Many attorneys offer a free initial consultation in which they’ll briefly discuss the case with you and estimate what it will cost to handle your lawsuit, negotiate a settlement or file bankruptcy. 

Once a creditor files a lawsuit, your response must take a specific legal form called an Answer. Your attorney determines if you have a defense or counterclaim and files the paperwork for you. 

In your Answer, you’ll either admit or deny that you owe the money, state any defenses you plan to present, list any counterclaims, and disclose income that your creditor can’t take from you, such as your monthly Social Security income.

You may be able to avoid going to court if your lawyer can help you reach a settlement or arrange an affordable payment plan with your creditor. Otherwise, your attorney will represent you in court. If you cannot defend your lawsuit, agree to a settlement or afford a payment plan, your attorney may recommend filing for bankruptcy instead.

Alternatives to hiring a lawyer for debt

Not everyone needs an attorney or can afford one. If you’re uncomfortable handling the matter yourself and can't afford an attorney, try applying for low-cost or free help from a legal aid program for people with low income. Local courts, libraries, and community centers may be able to point you in the right direction.

Other options include booking an hour or two with an attorney for advice. That costs much less than full representation, and most lawyers offer an initial consultation for free. That might be enough to tell you how strong your case is and how to proceed.

Depending on how much you owe, your case might be in small claims court, where many people show up without attorneys and judges are used to amateurs. If you’re comfortable filling out forms and speaking in front of a few people, you may be perfectly fine representing yourself.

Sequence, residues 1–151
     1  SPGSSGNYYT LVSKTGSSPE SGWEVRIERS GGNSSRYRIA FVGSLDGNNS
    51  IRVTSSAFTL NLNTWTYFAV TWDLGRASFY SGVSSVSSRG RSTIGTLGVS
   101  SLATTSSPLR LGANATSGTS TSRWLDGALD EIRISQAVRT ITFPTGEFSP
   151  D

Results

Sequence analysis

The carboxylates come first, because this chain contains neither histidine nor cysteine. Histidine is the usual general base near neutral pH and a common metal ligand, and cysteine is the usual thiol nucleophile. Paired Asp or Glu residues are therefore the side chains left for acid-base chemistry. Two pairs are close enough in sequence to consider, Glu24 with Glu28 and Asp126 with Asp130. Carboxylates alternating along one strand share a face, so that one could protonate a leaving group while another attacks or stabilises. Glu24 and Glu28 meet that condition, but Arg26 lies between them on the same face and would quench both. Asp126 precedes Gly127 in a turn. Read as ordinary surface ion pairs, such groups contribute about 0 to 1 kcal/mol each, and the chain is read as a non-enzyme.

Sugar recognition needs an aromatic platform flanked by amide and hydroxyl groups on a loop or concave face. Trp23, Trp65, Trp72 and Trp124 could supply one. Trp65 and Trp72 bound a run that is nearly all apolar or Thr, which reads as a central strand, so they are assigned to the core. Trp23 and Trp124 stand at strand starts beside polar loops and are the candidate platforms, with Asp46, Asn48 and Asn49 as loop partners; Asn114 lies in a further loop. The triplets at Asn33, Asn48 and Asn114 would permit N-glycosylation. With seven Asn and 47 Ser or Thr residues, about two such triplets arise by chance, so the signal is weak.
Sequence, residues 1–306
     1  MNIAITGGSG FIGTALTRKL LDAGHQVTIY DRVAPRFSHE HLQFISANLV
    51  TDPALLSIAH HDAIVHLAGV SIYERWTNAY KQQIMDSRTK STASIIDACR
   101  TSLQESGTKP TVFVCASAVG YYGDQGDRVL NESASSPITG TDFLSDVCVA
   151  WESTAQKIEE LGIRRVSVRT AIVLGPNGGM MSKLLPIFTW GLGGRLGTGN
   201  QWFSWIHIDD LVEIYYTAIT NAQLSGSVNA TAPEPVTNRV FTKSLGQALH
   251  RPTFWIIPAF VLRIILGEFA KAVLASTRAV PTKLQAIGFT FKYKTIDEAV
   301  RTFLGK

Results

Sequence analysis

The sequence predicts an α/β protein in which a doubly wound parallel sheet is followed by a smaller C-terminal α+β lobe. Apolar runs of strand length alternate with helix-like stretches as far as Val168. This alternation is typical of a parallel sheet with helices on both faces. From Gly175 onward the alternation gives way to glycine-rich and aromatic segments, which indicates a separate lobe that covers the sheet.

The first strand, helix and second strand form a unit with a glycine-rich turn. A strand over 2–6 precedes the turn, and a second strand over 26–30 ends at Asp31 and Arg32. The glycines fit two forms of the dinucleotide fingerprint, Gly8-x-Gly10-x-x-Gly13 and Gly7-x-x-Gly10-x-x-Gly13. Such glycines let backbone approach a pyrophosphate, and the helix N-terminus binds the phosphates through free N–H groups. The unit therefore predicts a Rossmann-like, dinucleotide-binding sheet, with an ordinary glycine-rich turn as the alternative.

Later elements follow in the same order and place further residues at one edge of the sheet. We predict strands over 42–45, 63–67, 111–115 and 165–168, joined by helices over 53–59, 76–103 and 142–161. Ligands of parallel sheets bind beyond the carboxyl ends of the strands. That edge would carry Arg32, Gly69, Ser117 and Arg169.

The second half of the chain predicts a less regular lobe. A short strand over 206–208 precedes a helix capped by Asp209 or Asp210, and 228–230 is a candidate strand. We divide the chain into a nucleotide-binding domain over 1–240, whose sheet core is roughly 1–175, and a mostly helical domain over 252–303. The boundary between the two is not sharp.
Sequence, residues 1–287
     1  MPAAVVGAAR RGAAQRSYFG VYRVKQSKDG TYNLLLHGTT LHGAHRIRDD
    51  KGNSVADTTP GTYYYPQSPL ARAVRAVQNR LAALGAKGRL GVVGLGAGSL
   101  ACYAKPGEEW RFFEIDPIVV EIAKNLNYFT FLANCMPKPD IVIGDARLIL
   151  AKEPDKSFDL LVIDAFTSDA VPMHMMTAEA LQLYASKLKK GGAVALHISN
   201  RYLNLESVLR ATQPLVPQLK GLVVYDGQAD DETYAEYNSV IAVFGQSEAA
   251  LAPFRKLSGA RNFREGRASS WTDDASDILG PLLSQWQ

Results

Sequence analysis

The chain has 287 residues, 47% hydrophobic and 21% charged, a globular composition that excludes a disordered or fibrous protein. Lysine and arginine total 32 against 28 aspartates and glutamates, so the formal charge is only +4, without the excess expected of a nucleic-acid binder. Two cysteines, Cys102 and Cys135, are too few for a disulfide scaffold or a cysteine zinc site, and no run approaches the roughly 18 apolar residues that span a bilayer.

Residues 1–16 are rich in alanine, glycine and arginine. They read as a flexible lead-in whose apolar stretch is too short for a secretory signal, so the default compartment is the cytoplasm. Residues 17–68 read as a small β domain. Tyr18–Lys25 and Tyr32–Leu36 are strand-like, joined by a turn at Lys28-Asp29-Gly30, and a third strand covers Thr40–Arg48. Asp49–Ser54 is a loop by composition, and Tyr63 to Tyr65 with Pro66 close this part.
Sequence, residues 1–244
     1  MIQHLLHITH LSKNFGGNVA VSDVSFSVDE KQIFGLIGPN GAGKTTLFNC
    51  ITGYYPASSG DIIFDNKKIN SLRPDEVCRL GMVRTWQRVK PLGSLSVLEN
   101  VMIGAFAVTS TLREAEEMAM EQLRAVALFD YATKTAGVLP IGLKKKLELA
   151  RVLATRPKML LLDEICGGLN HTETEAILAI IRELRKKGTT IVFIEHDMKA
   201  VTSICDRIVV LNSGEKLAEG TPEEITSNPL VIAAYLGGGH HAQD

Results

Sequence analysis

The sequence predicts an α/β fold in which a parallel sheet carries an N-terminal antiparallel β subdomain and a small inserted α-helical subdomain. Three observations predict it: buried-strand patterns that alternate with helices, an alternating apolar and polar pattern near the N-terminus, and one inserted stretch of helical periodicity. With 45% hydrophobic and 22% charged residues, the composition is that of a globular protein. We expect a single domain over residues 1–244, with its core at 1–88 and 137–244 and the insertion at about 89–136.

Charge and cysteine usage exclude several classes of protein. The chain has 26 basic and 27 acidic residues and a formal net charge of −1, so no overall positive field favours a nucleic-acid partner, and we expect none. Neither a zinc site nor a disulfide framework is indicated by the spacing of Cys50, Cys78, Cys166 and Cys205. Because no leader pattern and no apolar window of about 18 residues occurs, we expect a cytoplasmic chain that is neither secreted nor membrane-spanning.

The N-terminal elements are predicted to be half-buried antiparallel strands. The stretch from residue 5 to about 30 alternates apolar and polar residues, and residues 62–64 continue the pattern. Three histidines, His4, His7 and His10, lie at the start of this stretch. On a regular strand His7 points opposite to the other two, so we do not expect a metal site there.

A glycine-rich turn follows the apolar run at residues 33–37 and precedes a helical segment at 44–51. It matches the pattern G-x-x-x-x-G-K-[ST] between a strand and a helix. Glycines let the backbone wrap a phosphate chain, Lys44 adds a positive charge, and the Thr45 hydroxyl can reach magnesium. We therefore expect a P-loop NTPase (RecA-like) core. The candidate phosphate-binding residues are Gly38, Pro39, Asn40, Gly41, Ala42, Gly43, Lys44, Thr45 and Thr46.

You might also consider seeking professional debt settlement services. These companies are experienced negotiators who don’t charge upfront fees. You only pay if they can reach a settlement that’s agreeable to you. You should file an Answer with the court to show the creditor that you’re not giving up, and to buy yourself some time. 

Frequently Asked Questions

What is the difference between an original creditor and a credit card debt buyer?

The original creditor is the individual or company you borrow money from – for instance, your bank or credit card company. Original creditors typically try to contact you for several months once you start missing payments. If unsuccessful, they may take you to court, send your account to a collection agency or sell your account at a discount to a debt buyer. 

Debt buyers purchase past-due accounts and get to keep whatever they can collect from you.

Collection agencies can be hired to collect past due accounts for original creditors or they may function as debt buyers.

What kind of fees can a credit card debt lawyer take?

Lawyers can structure their fees in several ways: flat fee, hourly, on a contingency fee basis, or on retainer. Hourly rates are billed in six minute increments. Flat fees are set upfront for services. Retainers are upfront amounts paid into an account the lawyer then spends down to pay for services. You’d receive a regular accounting of these charges. Contingency fees are charged only for results and they are typically a percentage of a recovery. For instance, 25% of the judgment won or debt settled. 

If your attorney represents you in court, you’ll likely pay hourly. However, routine matters may be billed at a flat rate, so if your case is simple, you may be able to find a lawyer willing to charge a flat fee. The fee for filing for bankruptcy is often billed at a flat rate. Debt settlement services are often billed on contingency.

Can you negotiate credit card debt after being sued?

It’s much easier to negotiate before losing in court because the court can help your creditor collect the full balance plus interest and court costs through wage garnishment, bank account levies or property liens. It’s possible to negotiate after losing, but success is less likely. However, a contingency-fee attorney or professional debt settlement company may be able to help, and they collect a fee only if they succeed, so it can’t hurt to try.